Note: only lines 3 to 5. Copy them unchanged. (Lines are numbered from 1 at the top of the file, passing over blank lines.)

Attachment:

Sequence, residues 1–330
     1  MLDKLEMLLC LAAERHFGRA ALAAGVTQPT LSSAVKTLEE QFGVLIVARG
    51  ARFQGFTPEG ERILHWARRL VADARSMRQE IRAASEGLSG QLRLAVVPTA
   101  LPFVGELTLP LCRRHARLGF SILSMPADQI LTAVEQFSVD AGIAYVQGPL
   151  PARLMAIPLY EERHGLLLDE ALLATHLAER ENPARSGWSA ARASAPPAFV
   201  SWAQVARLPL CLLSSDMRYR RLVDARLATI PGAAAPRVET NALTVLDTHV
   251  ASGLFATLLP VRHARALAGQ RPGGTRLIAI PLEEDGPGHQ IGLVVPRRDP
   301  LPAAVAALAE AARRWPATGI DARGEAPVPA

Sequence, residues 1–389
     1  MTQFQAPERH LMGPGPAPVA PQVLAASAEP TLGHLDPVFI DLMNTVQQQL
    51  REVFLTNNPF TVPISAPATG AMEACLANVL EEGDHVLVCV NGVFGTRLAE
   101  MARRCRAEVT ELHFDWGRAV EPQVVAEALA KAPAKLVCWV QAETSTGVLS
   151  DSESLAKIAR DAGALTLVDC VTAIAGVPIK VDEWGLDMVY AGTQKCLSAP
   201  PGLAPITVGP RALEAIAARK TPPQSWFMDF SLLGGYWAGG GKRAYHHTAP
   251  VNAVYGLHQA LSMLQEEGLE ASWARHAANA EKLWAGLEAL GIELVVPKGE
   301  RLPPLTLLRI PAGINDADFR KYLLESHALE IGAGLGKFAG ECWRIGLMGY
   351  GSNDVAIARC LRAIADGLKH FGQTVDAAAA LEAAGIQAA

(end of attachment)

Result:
    51  ARFQGFTPEG ERILHWARRL VADARSMRQE IRAASEGLSG QLRLAVVPTA
   101  LPFVGELTLP LCRRHARLGF SILSMPADQI LTAVEQFSVD AGIAYVQGPL
   151  PARLMAIPLY EERHGLLLDE ALLATHLAER ENPARSGWSA ARASAPPAFV